All articles published in the February 2015 issue.
Publish Date ‐ 1 February 2015
In his inaugural address, 2015 President Tim Ibell sets out his vision for the Institution. A theme close to his heart is the need to inspire children to consider a career in structural engineering by emphasising that, at its core, it is a creative, problem-solving profession.
The Kelpies are a visually stunning pair of 30m high sculptures of horses’ heads located in Falkirk, Scotland. This unique project was the result of close collaboration between artist and engineer – and was made possible thanks to analysis software packages.
Sean Brady highlights the perils of sticking rigidly to a concrete construction schedule regardless of weather conditions.
In the second part of our series from insurance broker Griffiths & Armour, we look at the value of written records when defending a negligence claim.
All electrical work is potentially dangerous. In addition to the usual risks
inherent with any electrical supply, site work can be particularly dangerous due to the risk of underground cables being cut or overhead wires being touched. The evolving nature of construction sites generates considerable uncertainty. Structural engineers will not be involved in power circuit design, but they should be aware of the inherent dangers on sites, particularly when planning alterations.
This note is intended to help structural engineers in England and Wales provide the correct information in support of a Building Regulations application in order to demonstrate compliance with the Building Act 1984 and the Building Regulations 2010.
Some masonry design in the UK uses concrete blocks. BS EN 1996 (Eurocode 6) covers the design of masonry for buildings and civil engineering works and is organised into four parts. This design guide covers vertical load design (strength and eccentricity) and concentrated loads.
As structural engineering students, we learn about mild steel, modern design and
construction methods. However, historic structures often do not fit into this mould.
Whether you work in conservation or are a general practitioner, you are likely to come across cast iron, wrought iron, as well as early mild steel structures.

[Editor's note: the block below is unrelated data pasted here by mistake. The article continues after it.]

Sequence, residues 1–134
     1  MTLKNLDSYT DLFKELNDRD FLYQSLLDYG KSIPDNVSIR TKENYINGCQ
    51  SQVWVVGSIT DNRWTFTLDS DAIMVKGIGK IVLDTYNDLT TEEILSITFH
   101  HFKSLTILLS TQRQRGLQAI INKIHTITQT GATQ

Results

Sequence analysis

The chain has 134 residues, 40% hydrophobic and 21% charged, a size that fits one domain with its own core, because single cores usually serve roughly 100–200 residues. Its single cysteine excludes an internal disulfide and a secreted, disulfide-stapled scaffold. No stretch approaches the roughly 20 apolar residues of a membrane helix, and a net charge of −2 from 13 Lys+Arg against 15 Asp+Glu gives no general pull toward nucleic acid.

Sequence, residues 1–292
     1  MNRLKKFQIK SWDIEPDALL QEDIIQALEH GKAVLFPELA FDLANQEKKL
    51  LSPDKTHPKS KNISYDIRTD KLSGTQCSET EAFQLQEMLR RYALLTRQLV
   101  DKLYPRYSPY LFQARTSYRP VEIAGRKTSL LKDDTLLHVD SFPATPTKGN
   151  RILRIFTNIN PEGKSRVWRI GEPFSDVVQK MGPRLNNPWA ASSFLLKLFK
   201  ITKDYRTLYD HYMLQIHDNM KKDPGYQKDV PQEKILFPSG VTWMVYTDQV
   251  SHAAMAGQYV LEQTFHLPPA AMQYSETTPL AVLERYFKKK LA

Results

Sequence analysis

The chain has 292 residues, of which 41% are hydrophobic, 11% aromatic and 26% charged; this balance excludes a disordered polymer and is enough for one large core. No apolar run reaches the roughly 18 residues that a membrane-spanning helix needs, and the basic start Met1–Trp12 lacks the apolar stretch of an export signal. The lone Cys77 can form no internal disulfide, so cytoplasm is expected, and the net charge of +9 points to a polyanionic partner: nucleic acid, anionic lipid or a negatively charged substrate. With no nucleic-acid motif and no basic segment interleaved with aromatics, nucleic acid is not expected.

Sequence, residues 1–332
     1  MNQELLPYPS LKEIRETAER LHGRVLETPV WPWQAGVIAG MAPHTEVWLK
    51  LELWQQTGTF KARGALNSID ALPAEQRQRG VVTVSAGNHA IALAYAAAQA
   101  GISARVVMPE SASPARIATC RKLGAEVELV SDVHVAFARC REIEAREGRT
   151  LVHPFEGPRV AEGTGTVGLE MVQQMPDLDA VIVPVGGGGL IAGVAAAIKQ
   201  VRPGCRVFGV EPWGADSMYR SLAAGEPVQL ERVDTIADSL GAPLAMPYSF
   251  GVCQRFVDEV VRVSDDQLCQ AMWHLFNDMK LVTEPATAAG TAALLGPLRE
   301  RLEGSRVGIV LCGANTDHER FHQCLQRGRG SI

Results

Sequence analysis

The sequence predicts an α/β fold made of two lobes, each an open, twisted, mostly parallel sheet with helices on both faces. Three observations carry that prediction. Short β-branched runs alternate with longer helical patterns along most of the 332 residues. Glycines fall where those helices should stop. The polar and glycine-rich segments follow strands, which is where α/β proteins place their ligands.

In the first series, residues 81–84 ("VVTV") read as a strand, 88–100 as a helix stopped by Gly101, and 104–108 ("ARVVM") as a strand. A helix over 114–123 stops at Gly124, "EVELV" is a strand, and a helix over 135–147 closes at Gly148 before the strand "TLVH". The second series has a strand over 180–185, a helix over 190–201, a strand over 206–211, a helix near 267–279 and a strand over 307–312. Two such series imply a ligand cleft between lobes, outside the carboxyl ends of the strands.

The latest papers accepted for publication in the Institution's new research journal, Structures.
Access to Structures is free to all during 2015. From 2016, Institution members will continue to receive free access as one of their membership benefits. The journal is available online at: www.elsevier.com/locate/structures
Last year’s winner of the Institution’s Young Structural Engineering Professional Award,
Kayin Dawoodi, has been promoted to senior engineer by his employer Arup and is a
founding trustee of the UK branch of charity Bridges to Prosperity.
Atelier One’s Christopher Matthews, 26, was runner up in the 2014 Young Structural Engineering Professional Award with a fascinating presentation on the analysis for the opening ceremony of the 2014 Sochi Winter Olympics. His work allowed stagers to use the existing stadium roof for spectacular flying scenic displays. He tells Jackie Whitelaw about his career so far.
Commended in the 2014 Young Structural Engineering Professional Award was 27-year-old Ed Hollis of StructureMode, who entered his work on an acrylic pyramid art installation called Lûz.
Drawing on his long experience as a consulting engineer and expert witness, Philip Ross
shares his strongly held views on the liability risks that arise from preparing structural reports, particularly those concerning a crack in a wall.
Letters this month include discussion on the late payment of fees and the way in which the profession appears to be misrepresented by the Structural Awards Judging Panel.